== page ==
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How to Ease Separation Anxiety for You and Your Baby

Laura Agadoni
June 23, 2017

Separation anxiety is a normal part of growing up, but that doesn't mean it's easy. Here's how to make goodbyes a little easier for you and your baby.

 

 

You're about to head out the door for another day at the office when you hear your little one burst into tears behind you. Your maternal instincts kick in because you never want to see your baby upset. But when you're already late to an appointment and your child's separation anxiety is in full effect, what can you do? Rather than feeling guilty or upset, remember that this is normal, and you're not doing anything wrong. Here is some helpful guidance to get you and your baby through this time.
 

  • Remember: You're in This Together
    Separation anxiety is tough -- for both of you. Up until this stage, when you left the room, you were quite literally "out of sight, out of mind" as far as your baby was concerned. That all changes at about 9 months, when "a cognitive milestone called object permanence" sets in for your baby, explains Alyson Schafer, a psychotherapist and child-behavior author. Now, your baby realizes that you still exist, even when he can't find you. He may learn that crying can get you to come back, and he'll do just that when he misses you.

    You may feel mixed emotions when your baby displays separation anxiety. It's a little gratifying when your baby wants only you. But it's so sad, and it doesn't help the Mom Guilt-factor. Schafer explains that adults are often more distressed than their babies are and can project their thoughts into what the crying is about. She advises parents to build up your baby's belief that he is safe. Do this by "giving experiences of being away and then being reunited." In other words, you have to leave for your baby to learn that everything will be all right. It's also important to remember that babies don't understand the concept of time yet. When you're gone, your baby doesn't know if you'll ever come back. The emotions are the same for your baby whether you've gone to another room for a minute or have gone to the office for the day.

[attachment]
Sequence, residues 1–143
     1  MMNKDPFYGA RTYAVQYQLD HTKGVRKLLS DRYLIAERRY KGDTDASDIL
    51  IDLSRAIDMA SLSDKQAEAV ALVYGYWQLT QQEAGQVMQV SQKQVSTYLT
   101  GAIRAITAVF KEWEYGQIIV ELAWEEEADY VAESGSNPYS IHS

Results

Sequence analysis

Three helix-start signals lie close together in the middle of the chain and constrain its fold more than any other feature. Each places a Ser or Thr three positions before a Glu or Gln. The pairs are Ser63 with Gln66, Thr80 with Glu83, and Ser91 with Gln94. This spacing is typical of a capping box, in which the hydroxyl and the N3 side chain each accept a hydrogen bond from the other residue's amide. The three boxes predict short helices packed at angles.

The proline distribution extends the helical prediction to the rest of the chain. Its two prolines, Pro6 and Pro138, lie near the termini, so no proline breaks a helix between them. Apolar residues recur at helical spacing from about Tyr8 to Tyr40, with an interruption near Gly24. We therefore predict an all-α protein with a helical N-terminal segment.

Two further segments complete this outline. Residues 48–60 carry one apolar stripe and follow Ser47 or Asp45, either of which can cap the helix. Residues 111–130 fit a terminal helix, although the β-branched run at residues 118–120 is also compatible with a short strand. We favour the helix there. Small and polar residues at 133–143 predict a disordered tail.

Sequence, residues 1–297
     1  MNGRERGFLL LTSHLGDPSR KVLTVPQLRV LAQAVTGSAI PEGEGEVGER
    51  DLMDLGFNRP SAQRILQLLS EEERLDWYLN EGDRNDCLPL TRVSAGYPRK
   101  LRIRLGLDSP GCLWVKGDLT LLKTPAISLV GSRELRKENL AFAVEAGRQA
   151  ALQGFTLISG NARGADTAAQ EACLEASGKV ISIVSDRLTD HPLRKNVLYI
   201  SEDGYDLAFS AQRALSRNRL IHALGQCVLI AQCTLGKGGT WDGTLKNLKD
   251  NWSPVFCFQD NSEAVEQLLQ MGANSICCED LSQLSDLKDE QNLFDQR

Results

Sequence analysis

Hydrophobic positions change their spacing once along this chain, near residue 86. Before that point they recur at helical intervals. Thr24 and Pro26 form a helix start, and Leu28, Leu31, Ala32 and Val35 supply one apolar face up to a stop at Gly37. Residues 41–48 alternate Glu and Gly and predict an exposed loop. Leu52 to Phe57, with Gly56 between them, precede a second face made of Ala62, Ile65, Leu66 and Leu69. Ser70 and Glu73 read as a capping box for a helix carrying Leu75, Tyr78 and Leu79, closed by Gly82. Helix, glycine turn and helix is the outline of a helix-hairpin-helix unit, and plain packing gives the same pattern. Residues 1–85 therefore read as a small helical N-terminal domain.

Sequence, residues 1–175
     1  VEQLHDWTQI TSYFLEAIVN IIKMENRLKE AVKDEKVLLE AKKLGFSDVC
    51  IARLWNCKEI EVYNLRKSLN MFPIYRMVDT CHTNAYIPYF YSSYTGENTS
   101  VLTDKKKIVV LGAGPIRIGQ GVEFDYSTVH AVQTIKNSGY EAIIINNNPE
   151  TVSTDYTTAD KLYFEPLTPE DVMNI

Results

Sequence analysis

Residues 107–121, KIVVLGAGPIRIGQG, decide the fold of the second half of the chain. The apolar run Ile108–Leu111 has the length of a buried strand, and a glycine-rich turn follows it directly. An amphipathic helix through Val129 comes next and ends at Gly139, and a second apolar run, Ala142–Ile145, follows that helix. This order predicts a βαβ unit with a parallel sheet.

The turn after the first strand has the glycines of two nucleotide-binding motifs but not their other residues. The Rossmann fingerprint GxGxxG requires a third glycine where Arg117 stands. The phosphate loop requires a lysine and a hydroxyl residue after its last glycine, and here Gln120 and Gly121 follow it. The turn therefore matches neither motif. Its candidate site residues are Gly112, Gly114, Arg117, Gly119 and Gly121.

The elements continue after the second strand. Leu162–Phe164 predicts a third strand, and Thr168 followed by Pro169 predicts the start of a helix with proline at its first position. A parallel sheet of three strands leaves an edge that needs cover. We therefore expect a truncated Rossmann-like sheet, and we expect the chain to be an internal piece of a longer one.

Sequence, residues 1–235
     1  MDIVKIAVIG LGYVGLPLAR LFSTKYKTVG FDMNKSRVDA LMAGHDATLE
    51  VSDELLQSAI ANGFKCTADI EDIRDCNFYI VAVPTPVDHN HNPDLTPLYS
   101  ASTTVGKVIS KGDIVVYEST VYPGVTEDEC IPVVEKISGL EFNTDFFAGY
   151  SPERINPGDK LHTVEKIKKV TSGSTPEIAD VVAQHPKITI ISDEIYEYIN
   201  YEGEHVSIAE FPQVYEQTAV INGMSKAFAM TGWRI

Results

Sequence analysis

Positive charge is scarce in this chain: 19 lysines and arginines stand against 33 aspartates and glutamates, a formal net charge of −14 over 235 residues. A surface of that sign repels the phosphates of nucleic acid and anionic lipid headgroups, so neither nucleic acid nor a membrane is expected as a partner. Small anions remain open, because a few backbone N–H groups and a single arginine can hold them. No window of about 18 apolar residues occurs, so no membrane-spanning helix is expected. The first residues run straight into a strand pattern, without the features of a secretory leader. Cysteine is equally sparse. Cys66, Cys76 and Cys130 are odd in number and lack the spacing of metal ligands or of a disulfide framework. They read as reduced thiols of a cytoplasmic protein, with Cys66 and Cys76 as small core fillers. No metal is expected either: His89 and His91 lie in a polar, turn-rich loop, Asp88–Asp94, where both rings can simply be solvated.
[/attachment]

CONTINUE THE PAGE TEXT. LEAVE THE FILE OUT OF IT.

• How Can You Help Your Baby?
    The mistake that many parents make, according to Schafer, is giving in to the crying. By not ever leaving your baby with someone else, you're not giving him the opportunity to learn resiliency. Here's what to try instead:
     
    • Cuddle and comfort. When you're with your little one, be sure to share in some serious cuddle time. It feels good for both of you, and it helps your baby become more secure. When your baby feels secure, he may be less anxious when you leave.
       
    • Hand your baby off briefly. Let a family member hold your baby while you take a shower. Someone is there to ensure that everything's okay, and you reunite with your baby after your shower. This helps your baby develop "psychological muscle," says Schafer. Your baby realizes that you were gone and nothing bad happened.
       
    • Leave your baby alone -- but not unsupervised. If you have a video baby monitor, you can leave your baby alone for short amounts of time -- just a few minutes at first. Announce your departure by saying "Mommy will be right back," and come right back. You are comfortable because you can keep an eye on things through the monitor, and your baby gains independence by being alone for a few minutes.
       
    • Grow the world of "others." Make sure when Grandma or friends visit, you let them hold the baby and play with him with you in another room. Build a network of family and trusted babysitters your baby starts to recognize. Your baby will begin to understand that he does survive when you're away, and being apart will become easier.
       
  • Know the Right Way to Say Goodbye
    One thing that parents should never do is "[try] to sneak away when your baby's not paying attention," says Amy Morin, a psychotherapist who counsels children and parents. "Your baby will think you've simply disappeared," which could make matters worse.

    "Ease your child's anxiety by saying goodbye," says Morin. "Your baby will pick up on your emotions when you're leaving. If you're crying or offering a prolonged goodbye because you're anxious about going, your baby is more likely to become anxious. Provide reassurance with a quick-yet-cheerful goodbye, rather than a long, drawn-out emotional departure." When your baby is first experiencing separation anxiety, try to schedule your departures when your baby is in a good mood, such as after a nap or after being fed. And once you leave, don't turn back. Just ask the sitter or caregiver to let you know when he calmed down.

Still feeling anxious? Morin suggests adopting this mantra: "Anxiety is part of the growing process." Reminding yourself of that can help you "walk away with more confidence that your baby's anxiety isn't harmful," she says. In fact, you'll both benefit from this experience.

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Laura Agadoni is a parenting writer and mom whose articles appear in various publications such as Modern Mom, The Penny Hoarder, Tom's of Maine, Global Post and Livestrong. 

* This article is for general informational purposes only. It is not intended nor implied to be providing medical advice and is not a substitute for such advice. The reader should always consult a health care provider concerning any medical condition or treatment plan. Neither Care.com nor the author assumes any responsibility or liability with respect to use of any information contained herein.

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